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Philippe Rogier - Missa Ego sum qui sum (2000)

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Philippe Rogier - Missa Ego sum qui sum (2000)

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1 Heu mihi Domine	4:10 	
2 Laboravi in gemitu meo	5:28 	
3 Vias tuas	7:46 	Play 	
4 Ego sum qui sum (motet)	7:34 	
5 Missa Ego sum qui sum: i Kyrie	5:24 	
6 II Gloria	7:48 		
7 III Credo	10:34 	
8 IV Sanctus & Benedictus	6:03 	
9 V Angus Dei	3:15 	Play 	
10 Taedet animam meam	4:14 		
11 Peccavi quid faciam tibi	6:35 	
12 Dominus regit me	5:38

Matthew Beale - Tenor (Vocal)
Patrick Craig - Alto (Vocals)
Tom Raskin - Tenor (Vocal)
Carolyn Sampson - Soprano (Vocal)
Francis Steele - Bass (Vocal)
Magnificat - Choir/Chorus
Philip Cave - Choir Director

 

Philippe Rogier was the last of his line, a Franco-Flemish composer serving the Spanish throne in the waning days of the Renaissance. Although the switch from Renaissance styling to Baroque composition would happen a bit slower in Spain than elsewhere in continental Europe, for some reason no more composers came down from the low countries to continue this honored practice once Rogier's assistant Géry de Ghersem tossed off this mortal coil in the year 1630. De Gershem left only one work, and Rogier only 51, so one wouldn't think that opportunities to mess this music up would be numerous. However, given the need for transparency of texture and clear delivery of entrances, there aren't many choirs that sing this particular literature to perfection. Enter Magnificat -- the English vocal group, not to be confused with the same named ensemble based in San Francisco -- under its leader Philip Cave; they have tamed the beast that is Spanish Renaissance music with a Franco-Flemish accent. The Linn Records disc Philippe Rogier: Missa Ego sum qui sum contains the aforementioned mass and a total of six motets of Rogier, plus another by Nicolas Gombert, which provided the model for Rogier's mass. This Linn disc is about as ideal an interpretation as anyone could want, with well-adjudged tempi, passionate yet pristine singing, a sense of three-dimensional projection of the voices happily married to a balanced ensemble sound, and special sensitivity and attention paid to the all-important staging of the vocal texture. These elements genuinely reveal what is great about Rogier's music; the lengthy Credo from the mass is ravishing, and there are numerous standout moments along the disc's course, not the least of which is the subtly melting, alternately glowing Gombert motet Ego sum qui sum. There may not be many choices for the music of Philippe Rogier, but Linn's Philippe Rogier: Missa Ego sum qui sum is unquestionably the best one. --- Uncle Dave Lewis, Rovi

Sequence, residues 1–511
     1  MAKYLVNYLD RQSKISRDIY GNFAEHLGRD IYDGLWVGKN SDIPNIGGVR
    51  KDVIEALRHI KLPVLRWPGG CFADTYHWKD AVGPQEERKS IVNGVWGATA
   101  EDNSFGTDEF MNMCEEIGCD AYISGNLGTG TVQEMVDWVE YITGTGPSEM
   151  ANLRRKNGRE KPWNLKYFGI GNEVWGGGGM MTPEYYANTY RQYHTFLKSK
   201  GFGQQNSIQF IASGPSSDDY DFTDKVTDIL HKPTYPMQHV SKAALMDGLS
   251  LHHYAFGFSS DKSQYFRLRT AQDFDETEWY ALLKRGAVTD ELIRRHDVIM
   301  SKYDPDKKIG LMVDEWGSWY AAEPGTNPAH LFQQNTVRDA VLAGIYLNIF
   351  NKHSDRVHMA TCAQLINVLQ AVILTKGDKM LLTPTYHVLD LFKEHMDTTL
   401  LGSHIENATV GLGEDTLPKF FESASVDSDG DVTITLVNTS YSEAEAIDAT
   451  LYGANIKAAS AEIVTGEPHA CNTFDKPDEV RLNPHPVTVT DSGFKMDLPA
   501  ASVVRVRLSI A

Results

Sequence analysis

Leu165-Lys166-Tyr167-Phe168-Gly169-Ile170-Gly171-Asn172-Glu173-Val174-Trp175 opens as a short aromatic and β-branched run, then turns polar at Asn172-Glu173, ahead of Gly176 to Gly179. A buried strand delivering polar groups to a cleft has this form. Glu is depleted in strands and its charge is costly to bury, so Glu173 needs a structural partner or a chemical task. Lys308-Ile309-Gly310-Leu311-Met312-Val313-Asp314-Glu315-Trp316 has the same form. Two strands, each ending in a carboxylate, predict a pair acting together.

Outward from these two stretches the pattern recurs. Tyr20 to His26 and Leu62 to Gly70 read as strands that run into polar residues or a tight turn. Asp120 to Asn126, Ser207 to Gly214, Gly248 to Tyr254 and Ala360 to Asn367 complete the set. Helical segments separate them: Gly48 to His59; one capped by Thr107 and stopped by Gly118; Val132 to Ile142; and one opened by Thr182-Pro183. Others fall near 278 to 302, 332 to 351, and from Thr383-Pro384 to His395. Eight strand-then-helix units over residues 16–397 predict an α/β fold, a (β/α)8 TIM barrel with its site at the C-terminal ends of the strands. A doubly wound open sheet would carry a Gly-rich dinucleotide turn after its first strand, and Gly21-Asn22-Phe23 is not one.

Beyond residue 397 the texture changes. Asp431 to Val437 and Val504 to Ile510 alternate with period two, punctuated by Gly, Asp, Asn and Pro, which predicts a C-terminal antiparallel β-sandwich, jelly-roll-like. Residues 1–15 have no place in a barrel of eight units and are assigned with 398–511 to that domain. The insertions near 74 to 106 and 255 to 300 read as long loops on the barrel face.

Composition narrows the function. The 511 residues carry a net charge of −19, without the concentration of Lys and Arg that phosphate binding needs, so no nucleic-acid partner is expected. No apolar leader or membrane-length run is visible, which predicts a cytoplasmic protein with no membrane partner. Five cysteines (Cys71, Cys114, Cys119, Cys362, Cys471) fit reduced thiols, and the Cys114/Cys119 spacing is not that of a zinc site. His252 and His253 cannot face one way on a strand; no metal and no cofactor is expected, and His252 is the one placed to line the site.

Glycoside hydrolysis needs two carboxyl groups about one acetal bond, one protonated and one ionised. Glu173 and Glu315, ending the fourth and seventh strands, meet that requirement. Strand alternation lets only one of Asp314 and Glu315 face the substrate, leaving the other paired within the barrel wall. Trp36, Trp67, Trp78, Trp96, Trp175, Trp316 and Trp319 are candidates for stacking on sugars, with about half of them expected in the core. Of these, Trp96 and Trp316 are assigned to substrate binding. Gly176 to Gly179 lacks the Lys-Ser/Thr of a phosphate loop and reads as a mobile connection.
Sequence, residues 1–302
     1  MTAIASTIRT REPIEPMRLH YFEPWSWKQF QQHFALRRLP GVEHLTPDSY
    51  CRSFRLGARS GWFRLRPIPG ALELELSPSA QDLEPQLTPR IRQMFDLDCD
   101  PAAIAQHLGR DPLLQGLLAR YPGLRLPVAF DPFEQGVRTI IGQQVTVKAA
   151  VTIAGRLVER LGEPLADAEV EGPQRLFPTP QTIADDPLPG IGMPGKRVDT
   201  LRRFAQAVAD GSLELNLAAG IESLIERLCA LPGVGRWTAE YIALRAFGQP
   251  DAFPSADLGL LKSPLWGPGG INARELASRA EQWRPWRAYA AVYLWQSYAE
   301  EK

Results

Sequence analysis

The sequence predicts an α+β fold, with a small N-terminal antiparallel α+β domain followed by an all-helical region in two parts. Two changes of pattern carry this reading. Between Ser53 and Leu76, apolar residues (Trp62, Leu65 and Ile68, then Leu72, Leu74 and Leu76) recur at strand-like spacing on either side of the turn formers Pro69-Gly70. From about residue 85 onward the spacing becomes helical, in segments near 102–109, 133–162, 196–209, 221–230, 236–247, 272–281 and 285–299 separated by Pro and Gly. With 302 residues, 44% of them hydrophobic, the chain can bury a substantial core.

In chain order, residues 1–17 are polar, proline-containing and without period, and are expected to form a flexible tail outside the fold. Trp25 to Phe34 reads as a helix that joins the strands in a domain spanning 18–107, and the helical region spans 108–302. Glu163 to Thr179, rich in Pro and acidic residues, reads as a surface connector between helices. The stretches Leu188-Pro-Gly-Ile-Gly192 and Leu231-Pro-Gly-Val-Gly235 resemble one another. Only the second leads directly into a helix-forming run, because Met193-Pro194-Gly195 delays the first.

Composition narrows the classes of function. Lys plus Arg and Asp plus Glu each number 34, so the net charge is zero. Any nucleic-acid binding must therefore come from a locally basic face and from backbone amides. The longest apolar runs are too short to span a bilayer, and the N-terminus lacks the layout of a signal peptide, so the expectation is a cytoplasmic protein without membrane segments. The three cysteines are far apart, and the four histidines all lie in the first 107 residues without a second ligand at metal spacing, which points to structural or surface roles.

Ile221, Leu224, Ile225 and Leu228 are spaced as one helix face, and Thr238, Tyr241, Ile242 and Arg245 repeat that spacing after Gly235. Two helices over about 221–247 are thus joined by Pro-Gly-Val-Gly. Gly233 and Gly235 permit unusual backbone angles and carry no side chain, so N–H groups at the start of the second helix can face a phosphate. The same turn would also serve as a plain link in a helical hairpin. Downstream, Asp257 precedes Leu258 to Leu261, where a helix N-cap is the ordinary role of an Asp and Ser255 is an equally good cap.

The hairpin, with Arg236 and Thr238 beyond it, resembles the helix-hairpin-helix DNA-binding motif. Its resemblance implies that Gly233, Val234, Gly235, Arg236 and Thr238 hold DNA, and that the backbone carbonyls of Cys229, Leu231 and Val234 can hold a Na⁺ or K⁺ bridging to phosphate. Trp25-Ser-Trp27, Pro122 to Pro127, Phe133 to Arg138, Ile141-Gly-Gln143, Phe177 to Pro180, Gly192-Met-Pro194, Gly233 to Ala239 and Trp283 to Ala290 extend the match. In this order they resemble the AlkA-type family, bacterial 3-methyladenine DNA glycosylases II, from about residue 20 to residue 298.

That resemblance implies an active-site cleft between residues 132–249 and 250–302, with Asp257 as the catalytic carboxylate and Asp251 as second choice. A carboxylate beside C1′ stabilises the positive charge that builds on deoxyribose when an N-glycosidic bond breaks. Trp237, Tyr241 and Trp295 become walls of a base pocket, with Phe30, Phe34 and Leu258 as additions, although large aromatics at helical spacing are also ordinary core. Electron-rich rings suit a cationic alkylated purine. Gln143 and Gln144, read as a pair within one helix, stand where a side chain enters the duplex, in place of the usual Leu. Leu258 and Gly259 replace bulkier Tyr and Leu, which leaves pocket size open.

Magnificat was formed in 1991 by its conductor, Philip Cave, to explore the rich diversity of choral music from the last five centuries. The ensemble specializes in the restoration and performance of neglected choral masterpieces with particular emphasis on music from post-Reformation England and from late 16th century Spain. Their new recording of Latin sacred music by Robert Parsons, Robert White and William Byrd (Linn Records CKD417) includes a number of paired settings ranging from the simple homophonic style of Byrd’s Christe qui lux to the rich, plangent polyphony of White’s beautiful Lamentations for five voices.

Magnificat recently released its third recording celebrating the 450th anniversary of composer Philippe Rogier: Music from the Missae Sex offers the first complete recordings of both the Missa Inclita stirps Jesse and the Missa Philippus Secundus Rex Hispaniae. Two previous recordings of music by Rogier on Linn feature the Missa Ego sum qui sum and the Missa Domine Dominus noster. The latter recording, accompanied by His Majestys Sagbutts & Cornetts, casts new light on the Spanish polychoral tradition, including the premiere recording of Rogier’s rediscovered 12-part motet Domine, Dominus noster.

Other recordings of music from ‘The Golden Age’ include an album of motets by Gesualdo, Guerrero, Josquin, Rebelo and Victoria together with Allegri’s Miserere and Palestrina’s Stabat mater, a highly acclaimed recording of Victoria’s Officium Defunctorum of 1605, and an album of Palestrina’s twenty-nine motets from the Song of Songs. Magnificat’s recording of Thomas Tallis’ forty-part motet Spem in alium was hailed as ‘quite the best recording’ by Gramophone. The album also includes the four-part Mass and Latin motets, and was selected as BBC Radio 3’s recommended performance of Tallis’ Lamentations. --- chorworks.com/magnificat/

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